Roma parents’ views on participation in education in B&H.

Our OSI funded project on parental participation in schools in B&H in 2009, which employed a representative face-to-face survey of 1143 parents, included a booster sample of Roma parents. Up to now we haven’t specifically analysed the different answers for Roma and non-Roma parents in any detail, although the results are available http://promente.org/ESP2-bih-stats.pdf.

(What is interesting about this, from a psychology of data point of view, is that the data was already there, I had seen it, in fact analysed it myself using my favourite heat-map tables (http://socialdatablog.com/heatmap-tables). But this is a case where it wasn’t until I sat down and wrote it in words that it really sunk in how bad the situation is. Or perhaps this isn’t because words are better than pictures and numbers but just because re-processing information helps to understand its importance.)

Anyway here is the written summary.



  • over half the Roma parents have no ambitions for their children beyond secondary vocational school level as opposed to 2% among non-Roma parents.


  • Nearly a quarter say that they are never invited to any meetings at school, as opposed to less than one percent of the other parents.

  • Only 22% as opposed to 81% say they attend every parents’ meeting, and 41% as opposed to 98% say the school schould definitely invite parents to meetings.

  • 15% as opposed to 71% answered yes tothe question Class, group or individual parents meetings: - Does at least someone in your family feel capable and competent to make the best use of this kind of meeting?” Only 32% as opposed to 75% feel they have a duty to attend, and 45% as opposed to 81% believe their child can definitely benefit from the parents attending such meetings.


  • 17% as opposed to 51% believe they definitely have a duty to help with homework.

  • 20% as opposed to less than 1% say their child does no homework.

  • 70% as opposed to 21% say no-one helps their child with their homework.


  • 73% as opposed to 24% say there is no-one in their family who feels competent to help with volunteering in the school.


  • 2% as opposed to 60% feel there is definitely someone in their family compentent to take part in decision-making at school,

  • and 2% as opposed to 51% feel it is their duty.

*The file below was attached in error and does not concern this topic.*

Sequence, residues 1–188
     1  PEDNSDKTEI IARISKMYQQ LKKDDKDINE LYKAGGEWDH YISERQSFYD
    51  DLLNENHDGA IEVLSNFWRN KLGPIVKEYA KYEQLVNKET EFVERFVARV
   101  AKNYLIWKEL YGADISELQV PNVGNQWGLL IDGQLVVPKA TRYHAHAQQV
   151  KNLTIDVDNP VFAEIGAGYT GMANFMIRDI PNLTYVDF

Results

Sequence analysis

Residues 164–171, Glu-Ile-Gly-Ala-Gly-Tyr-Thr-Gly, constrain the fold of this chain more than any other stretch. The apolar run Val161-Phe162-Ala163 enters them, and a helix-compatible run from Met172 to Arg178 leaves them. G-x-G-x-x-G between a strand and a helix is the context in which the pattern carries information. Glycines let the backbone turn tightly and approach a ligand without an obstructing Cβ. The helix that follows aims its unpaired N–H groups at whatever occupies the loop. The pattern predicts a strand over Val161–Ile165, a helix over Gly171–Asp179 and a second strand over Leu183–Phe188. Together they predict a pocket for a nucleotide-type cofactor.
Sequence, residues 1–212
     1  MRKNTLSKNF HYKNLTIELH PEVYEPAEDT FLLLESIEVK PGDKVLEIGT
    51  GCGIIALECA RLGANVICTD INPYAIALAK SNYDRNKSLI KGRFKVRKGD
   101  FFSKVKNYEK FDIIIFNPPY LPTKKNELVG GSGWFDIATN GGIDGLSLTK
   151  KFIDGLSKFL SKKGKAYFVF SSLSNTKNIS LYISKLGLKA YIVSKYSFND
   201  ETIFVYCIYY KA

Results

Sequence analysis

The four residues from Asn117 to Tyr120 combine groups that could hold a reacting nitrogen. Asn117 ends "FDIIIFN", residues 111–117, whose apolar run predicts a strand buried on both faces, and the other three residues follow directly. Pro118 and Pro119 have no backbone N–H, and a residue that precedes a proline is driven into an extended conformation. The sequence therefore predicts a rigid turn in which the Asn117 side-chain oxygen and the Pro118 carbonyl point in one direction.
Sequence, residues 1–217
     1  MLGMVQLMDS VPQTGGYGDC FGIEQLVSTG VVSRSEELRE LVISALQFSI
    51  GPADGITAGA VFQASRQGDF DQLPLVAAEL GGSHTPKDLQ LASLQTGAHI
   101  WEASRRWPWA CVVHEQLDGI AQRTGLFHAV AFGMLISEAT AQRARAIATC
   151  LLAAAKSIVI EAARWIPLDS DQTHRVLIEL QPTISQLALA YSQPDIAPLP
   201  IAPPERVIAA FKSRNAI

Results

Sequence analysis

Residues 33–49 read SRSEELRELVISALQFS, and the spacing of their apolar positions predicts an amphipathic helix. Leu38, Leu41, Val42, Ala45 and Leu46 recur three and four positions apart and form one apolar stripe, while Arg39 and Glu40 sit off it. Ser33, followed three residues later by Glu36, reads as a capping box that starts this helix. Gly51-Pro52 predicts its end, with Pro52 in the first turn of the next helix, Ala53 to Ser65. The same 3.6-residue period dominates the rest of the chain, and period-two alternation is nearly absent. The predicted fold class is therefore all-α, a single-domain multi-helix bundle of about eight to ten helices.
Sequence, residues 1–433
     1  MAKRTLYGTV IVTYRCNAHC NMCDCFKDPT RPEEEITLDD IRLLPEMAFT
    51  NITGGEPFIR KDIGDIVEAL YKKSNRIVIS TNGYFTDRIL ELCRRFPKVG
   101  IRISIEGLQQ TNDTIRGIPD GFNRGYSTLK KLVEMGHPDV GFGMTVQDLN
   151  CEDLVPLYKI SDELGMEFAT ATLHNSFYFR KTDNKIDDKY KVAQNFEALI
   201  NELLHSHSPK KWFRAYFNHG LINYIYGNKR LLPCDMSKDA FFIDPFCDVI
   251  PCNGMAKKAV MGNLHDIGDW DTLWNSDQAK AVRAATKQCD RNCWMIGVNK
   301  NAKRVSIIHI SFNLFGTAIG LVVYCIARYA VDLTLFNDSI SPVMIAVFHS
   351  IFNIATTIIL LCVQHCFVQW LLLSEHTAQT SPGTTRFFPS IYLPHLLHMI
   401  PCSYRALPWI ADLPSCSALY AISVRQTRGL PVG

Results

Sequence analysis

• 40% as opposed to 7% feel it is definitely not their duty to take on a role as class representative.


  • over half of Roma parents as opposed to 5% of non-Roma parents believe at least to some extent that parents and school are usually in conflict.

  • 13% as opposed to 59% say the class teacher definitely treats them with respect.

  • 5% as opposed to 43% agree definitely that At least one family member is often in the school building (apart from just picking up our child)”


  • 86% as opposed to 14% say they do not know their parent representative well at all, and 79% as opposed to 7% say their parent representative does not treats them with any respect.

  • 84% as opposed to 9% believe their parent representative is not active at all.


  • 18% as opposed to 61% say the child is definitely happy at school.

  • 6% as opposed to 47% say the school is definitely a safe place for their child

  • 49% as opposed to 7% were definitely unhappy overall with the quality and quantity of information from school.

Up next Another example of why research should be reproducible. via nytimes.com If only the original journal had made them submit their data and source code for peer inspection. It wouldn’t stop this kind of Paradox of Evaluation Counterfactuals Why does the counterfactual evaluation principle seem to break down in the following case? Suppose eleven organisations each bring enough vaccines
Latest posts Making notes on PDFs without computer or paper Publications causal-map Causal Map intro Causal Mapping - an earlier guide The walk to school in Sarajevo Glitches Draft blog post for AEA365 Theory Maker! Inventory & analysis of small conservation grants, C&W Africa - Powell & Mesbach! Lots of charts! Answering the “why” question: piecing together multiple pieces of causal information rbind.fill for 1-dimensional tables in r yED graph editor Examples of trivial graph format Using attr labels for ggplot An evaluation puzzle: “Talent show” An evaluation puzzle: “Mobile first” An evaluation puzzle: “Many hands” An evaluation puzzle: Loaves and fishes An evaluation puzzle: “Freak weather” An evaluation puzzle: “Billionaire” Using Dropbox for syncing Shiny app data on Amazon EC2 Progress on the Causal Map app Articles and presentations related to Causal Maps and Theorymaker Better ways to present country-level data on a world map: equal-area cartograms A starter kit for reproducible research with R A reproducible workflow for evaluation reports Welcome to the Wiggle Room Realtime comments on a Theory of Change Responses to open questions shown as tooltips in a chart A panel on visualising Theories of Change for EES 2018?